July 25, 2023 – Molly Ingram

Connecticut schools are struggling to meet the demand for student mental health support.

In Fairfield County, some schools have turned to a program called TeenTalk.

The program is offered by the nonprofit Kids in Crisis. It places an experienced counselor in schools to offer individual counseling and group sessions.

They also offer a respite center for kids who need a break from their homes, and a 24-hour crisis center hotline.

Stamford Mayor Caroline Simmons wants to bring the program to high schools across the city.

“At all stages of your life, you go through ups and downs and have mental health challenges,” Simmons said. “And the most important thing is that there’s resources thanks to all of you in this room, to provide that support, to provide that care. So I can’t tell you how proud I am of our community.”

Elected officials, school administrators and students gathered at the Kids in Crisis TeenTalk Summit at the Academy of Information Technology and Engineering in Stamford on Tuesday.

They spoke about the impact that the program has had on their school communities.

“We will never have enough mental health support for our students,” Stamford Superintendent Tamu Lucero said. “But what we know is that when we have community partners, it makes it just a little bit easier for us.”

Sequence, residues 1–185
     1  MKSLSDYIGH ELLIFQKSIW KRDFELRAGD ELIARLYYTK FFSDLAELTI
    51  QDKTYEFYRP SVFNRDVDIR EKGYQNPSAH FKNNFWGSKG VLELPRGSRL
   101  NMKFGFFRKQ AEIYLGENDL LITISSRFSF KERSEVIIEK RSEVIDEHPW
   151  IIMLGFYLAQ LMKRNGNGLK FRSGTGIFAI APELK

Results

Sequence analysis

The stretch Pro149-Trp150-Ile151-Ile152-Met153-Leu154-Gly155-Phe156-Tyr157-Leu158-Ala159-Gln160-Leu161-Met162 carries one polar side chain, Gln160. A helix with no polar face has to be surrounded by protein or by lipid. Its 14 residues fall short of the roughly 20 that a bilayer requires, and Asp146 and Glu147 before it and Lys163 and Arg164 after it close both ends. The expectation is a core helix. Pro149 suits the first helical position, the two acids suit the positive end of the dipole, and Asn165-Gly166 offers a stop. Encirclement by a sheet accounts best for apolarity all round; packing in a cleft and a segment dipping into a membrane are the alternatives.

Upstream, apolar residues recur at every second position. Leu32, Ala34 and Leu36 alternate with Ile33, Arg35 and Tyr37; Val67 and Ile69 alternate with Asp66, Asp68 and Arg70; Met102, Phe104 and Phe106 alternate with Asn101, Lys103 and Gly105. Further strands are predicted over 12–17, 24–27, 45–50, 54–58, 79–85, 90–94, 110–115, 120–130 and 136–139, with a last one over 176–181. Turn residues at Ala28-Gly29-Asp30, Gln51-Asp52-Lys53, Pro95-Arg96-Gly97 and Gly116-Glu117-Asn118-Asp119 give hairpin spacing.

School officials said the COVID-19 pandemic was especially harmful for kids’ mental health. Since the pandemic, they have seen an increase in absenteeism, long-term suicidal ideation and family conflicts.

Gov. Ned Lamont said he was not expecting the long-term consequences on students.

“I thought getting back to school was going to be the tonic for everybody,” Lamont said. “But you know, it created a lot of stress in its own right. And so that’s why I’m here to listen just to see what else we should be doing.”

TeenTalk is used by 17 schools across the county. They are located in Greenwich (5 schools), Ridgefield (3), Norwalk (2), New Cannan (2), Newtown (2), Darien (1), Stamford (1), Westport (1), and Wilton (1).

Last year, they served just under 3,000 students across the county.

The program costs less than $100,000.

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